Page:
Turkey's last offer to Israel: Three options on table
BİSHKEK/ANKARA – Hürriyet Daily News | 7/4/2010 12:00:00 AM | SERKAN DEMİRTAŞ
1. Apologize2. Accept the international, impartial inquiry and its conclusion3. Give up ties with Turkey
A week after top Turkish and Israeli officials held a “secret meeting” over the flotilla crisis, Turkey has renewed its warning to Israel that ties between the once-allies would be cut if Tel Aviv does not apologize.
“Israelis have three options: They will either apologize or acknowledge an international-impartial inquiry and its conclusion. Otherwise, our diplomatic ties will be cut off,” Foreign Minister Ahmet Davutoğlu told Hürriyet Daily News & Economic Review early Sunday in an interview on his plane returning from Kyrgyzstan.
Davutoğlu held a secret meeting with Israeli Trade Minister Benjamin Ben-Eliezer last week in Brussels and repeated Turkey’s expectations from Tel Aviv over Israel's raid on a Turkish ship carrying humanitarian aid to Gaza.
Eight Turks and one U.S. citizen of Turkish descent were killed during the raid, which triggered a crisis between Turkey and Israel, once regional allies. Turkey recalled its envoy to Tel Aviv, canceled joint military drills and banned some Israeli military flights from using Turkish airspace. Israel refused to participate in an international inquiry commission but instead launched its own investigation into the raid.
“We showed them an exit road. If they apologize as a result of their own investigation’s conclusion, that would be fine for us. But of course we first have to see it,” he said.
But Israeli Prime Minister Benjamin Netanyahu said last week that Israel would neither apologize to Turkey nor compensate the victims of the Mavi Marmara. “Then the ties will never be repaired,” Davutoğlu said in response to Netanyahu’s remarks.
“They are aware of our demands. If they do not want to apologize, then they should accept an international investigation,” he said, adding that Turkey would not wait for Israel’s decision indefinitely.
Turkey is now awaiting the creation of a United Nations-backed fact-finding commission for the raid. “We’ll arrange our road map according to the development there,” he said.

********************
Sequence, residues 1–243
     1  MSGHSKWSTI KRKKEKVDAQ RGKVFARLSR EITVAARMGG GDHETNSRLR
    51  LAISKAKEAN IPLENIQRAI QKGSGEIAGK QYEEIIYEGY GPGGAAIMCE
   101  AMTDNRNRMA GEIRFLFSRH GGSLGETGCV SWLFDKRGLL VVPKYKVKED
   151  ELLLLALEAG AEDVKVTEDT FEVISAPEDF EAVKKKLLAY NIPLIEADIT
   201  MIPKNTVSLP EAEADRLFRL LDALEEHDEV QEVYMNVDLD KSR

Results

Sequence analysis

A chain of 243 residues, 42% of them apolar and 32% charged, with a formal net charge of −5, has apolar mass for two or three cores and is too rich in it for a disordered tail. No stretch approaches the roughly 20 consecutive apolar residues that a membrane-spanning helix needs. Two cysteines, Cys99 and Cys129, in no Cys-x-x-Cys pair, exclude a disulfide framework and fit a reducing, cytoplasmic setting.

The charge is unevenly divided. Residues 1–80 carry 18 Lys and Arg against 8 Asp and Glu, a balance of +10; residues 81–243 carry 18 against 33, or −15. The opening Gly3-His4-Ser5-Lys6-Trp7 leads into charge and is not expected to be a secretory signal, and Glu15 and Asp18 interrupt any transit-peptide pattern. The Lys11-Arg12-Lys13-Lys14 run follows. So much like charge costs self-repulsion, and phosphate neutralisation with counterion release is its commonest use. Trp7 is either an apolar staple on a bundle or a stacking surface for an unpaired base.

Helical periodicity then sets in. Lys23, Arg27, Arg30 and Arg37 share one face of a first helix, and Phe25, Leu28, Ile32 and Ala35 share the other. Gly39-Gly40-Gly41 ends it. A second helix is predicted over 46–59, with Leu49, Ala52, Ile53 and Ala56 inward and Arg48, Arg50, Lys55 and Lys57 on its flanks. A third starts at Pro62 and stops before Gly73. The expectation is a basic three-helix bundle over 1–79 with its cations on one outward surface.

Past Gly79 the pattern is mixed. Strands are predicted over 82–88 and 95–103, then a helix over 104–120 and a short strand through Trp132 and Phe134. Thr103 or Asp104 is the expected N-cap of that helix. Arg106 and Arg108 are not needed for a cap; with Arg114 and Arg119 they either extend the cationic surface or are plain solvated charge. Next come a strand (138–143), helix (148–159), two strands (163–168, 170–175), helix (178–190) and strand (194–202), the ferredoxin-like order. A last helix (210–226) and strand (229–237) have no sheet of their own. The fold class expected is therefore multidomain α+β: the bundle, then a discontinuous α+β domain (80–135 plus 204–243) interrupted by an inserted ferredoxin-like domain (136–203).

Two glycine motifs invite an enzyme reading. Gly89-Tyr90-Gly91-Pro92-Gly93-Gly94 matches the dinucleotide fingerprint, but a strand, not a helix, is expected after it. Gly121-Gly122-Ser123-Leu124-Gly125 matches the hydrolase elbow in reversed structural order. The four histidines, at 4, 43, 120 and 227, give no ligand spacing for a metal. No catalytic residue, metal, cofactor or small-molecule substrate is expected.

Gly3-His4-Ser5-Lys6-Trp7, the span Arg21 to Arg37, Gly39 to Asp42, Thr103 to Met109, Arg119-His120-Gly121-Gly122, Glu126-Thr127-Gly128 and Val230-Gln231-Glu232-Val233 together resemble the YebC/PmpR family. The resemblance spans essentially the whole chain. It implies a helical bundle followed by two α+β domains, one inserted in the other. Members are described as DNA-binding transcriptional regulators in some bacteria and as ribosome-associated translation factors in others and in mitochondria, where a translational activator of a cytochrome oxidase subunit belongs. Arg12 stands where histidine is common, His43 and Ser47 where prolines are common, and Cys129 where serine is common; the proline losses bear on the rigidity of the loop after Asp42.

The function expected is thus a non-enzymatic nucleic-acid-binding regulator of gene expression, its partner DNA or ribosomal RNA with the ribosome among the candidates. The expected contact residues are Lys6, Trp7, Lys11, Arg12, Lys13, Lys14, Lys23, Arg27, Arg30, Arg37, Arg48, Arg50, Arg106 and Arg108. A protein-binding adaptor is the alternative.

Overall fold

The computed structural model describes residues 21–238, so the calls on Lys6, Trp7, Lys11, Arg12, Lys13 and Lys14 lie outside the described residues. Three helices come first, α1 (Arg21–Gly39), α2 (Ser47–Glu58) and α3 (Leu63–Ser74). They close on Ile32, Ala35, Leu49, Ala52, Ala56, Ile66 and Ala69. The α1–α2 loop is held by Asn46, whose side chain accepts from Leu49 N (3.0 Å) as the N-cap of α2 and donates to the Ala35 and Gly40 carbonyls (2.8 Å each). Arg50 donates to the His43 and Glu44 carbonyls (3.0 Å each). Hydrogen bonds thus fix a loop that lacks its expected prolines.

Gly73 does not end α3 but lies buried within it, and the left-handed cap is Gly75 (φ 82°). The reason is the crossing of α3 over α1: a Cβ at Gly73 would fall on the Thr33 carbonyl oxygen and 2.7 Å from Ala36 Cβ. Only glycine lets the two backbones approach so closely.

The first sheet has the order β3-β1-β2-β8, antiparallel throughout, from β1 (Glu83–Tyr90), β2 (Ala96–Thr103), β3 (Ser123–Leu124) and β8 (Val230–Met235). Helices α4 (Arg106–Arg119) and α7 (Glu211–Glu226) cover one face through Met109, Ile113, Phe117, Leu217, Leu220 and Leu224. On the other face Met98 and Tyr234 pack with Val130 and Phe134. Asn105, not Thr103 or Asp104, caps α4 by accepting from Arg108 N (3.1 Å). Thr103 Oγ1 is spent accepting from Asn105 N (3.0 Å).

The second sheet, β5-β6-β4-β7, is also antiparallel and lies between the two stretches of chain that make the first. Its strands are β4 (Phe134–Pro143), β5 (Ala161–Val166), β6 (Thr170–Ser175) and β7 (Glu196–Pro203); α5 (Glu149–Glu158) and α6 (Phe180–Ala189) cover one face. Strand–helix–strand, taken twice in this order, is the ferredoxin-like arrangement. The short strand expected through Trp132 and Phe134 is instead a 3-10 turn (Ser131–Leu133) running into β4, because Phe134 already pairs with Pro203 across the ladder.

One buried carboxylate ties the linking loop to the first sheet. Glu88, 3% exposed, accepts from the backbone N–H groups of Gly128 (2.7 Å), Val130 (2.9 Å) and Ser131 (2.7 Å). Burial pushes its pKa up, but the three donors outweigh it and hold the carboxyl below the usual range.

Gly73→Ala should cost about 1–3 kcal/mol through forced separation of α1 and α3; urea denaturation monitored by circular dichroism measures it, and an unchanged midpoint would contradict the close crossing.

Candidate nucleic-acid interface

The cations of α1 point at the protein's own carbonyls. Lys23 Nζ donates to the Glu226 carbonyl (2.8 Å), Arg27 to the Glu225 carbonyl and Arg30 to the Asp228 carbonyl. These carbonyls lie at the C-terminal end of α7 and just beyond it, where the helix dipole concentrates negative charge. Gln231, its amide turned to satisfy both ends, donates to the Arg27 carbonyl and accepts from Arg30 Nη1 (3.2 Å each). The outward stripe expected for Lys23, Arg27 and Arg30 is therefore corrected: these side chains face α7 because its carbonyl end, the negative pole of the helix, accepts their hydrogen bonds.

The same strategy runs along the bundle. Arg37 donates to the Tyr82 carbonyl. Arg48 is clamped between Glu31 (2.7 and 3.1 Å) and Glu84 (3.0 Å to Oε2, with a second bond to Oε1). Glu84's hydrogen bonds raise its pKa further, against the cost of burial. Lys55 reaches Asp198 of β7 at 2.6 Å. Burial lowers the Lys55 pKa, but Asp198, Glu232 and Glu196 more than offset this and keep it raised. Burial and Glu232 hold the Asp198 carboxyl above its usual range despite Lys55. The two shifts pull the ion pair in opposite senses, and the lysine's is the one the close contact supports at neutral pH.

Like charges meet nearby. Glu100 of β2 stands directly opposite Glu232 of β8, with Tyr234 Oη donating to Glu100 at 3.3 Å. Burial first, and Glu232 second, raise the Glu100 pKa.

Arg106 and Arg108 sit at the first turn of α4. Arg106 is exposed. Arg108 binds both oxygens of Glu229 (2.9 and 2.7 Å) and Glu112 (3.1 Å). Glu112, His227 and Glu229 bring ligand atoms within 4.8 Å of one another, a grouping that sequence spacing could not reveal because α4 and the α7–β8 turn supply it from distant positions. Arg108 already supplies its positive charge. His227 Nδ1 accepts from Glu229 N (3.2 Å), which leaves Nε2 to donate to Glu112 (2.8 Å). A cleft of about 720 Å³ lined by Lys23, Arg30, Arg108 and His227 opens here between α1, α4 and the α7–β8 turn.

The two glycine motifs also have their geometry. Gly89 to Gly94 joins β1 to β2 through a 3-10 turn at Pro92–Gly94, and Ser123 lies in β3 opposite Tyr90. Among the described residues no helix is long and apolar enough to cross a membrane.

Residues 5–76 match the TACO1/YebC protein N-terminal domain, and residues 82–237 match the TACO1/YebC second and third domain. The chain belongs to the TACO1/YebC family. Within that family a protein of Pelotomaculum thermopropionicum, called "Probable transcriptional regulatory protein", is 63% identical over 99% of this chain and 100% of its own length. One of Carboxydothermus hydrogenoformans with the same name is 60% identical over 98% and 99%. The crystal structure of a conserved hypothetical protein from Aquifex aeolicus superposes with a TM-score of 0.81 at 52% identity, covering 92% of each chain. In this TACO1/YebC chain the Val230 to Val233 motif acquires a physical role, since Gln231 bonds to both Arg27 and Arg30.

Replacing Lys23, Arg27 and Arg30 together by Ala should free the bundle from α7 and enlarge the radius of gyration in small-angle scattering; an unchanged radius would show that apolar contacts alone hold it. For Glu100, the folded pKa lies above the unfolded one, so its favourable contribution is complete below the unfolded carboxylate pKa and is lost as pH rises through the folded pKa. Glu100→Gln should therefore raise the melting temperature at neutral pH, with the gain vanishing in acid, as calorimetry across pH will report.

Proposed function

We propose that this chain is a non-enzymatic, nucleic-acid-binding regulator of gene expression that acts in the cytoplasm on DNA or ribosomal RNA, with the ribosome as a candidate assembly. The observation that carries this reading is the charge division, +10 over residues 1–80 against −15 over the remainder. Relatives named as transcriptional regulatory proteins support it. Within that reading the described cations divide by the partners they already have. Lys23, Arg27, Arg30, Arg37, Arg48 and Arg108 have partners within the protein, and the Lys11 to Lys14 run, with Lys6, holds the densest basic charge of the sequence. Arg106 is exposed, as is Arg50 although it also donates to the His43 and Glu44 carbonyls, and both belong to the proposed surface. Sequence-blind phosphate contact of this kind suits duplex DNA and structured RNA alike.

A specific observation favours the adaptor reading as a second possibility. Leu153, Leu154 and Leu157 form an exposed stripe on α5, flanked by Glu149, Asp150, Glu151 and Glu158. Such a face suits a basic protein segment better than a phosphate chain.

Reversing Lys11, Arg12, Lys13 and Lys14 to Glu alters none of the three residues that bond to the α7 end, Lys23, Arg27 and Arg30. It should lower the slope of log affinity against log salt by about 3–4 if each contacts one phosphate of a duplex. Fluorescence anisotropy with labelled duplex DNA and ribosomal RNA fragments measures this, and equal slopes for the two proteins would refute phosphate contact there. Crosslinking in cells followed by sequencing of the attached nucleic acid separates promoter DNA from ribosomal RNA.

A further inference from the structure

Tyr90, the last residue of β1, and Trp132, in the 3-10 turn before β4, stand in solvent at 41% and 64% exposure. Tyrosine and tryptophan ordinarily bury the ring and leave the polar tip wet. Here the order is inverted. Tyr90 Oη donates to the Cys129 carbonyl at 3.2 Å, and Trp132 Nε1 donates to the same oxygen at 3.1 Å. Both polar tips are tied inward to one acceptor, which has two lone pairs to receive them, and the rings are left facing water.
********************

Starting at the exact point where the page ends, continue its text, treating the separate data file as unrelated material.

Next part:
“We also want to give a chance to the countries who value mending the ties between Turkey and Israel,” Davutoğlu said, referring to the United States. Netanyahu will meet with U.S. President Barack Obama on Wednesday, and Davutoğlu said this would be an important meeting for the future of Turkish-Israeli ties.
“But,” he said, “there should be no confusion. Our meeting with Ben-Eliezer was not brokered by the U.S. We informed Obama of the meeting during the G-20 summit in Toronto.” The foreign minister also said he met with Ben-Eliezer as “Netanyahu’s special envoy: “Otherwise, why would I speak with Israel’s infrastructure minister?”
[HH] Airspace fully banned
If Israel does not meet Ankara’s expectations, the Turkish government has drafted a road map that includes measures to be taken against the country. One of the measures, however, was taken shortly after the flotilla raid, Davutoğlu said.
“Turkey’s airspace is fully closed to Israeli military planes. The ban is not implemented case-by-case. It’s a blanket ban,” he said, adding that the decision was made one week after the incident occurred and with the participation of the Turkish military. When asked, he said the ban could also be expanded to include civilian aircraft.
“If steps are not taken [by Israel], the process of isolation will continue," the minister said. "We know what we want. We are right in all means. We will strictly follow [this path] until our demands are met."
[HH] Psychological pressure on Turkey
Davutoğlu also discussed claims that Turkish foreign policy was experiencing a “shift in axis."
“The purpose is clear. The purpose of [launching] such claims are to establish psychological pressure on Turkey. Suppressing its foreign policy and confining it to a more defensive position. While we are trying to be the subject, they are trying to keep us as an object in international relations,” he said.
Emphasizing that Turkey was sure of its motivation and direction, Davutoğlu said: “We do not have to convince anybody about our diplomatic initiatives. If we are doing something, it's for Turkey’s interests.”
[HH] Summer of 2010 concerns FM
When asked for his assessment of developments in the region, what Davutoğlu depicted was not a very optimistic situation, especially in the Caucasus and Middle East. “The ground in these regions is very slippery. This concerns me,” he said.
“None of these regions is witnessing a functioning mechanism to solve disputes. There are no healthy dialogues among the relevant parties,” he said, without giving details.
In the Caucasus, major conflicts remain between Georgia and Russia over the status of Abkhazia and South Ossetia, and the Nagorno-Karabakh problem also remains unsolved. In the Middle East, the situation is more complicated. Processes for mediating between Israel and Palestine or Israel and Syria seem to be dead.
“We have to be careful. It is only Turkey that can contribute to resolving these problems,” he said, adding that the Tehran Agreement brokered by Turkey and Iran was in fact aiming to stop the further deterioration of the situation in the region. “That was not understood by the international community.”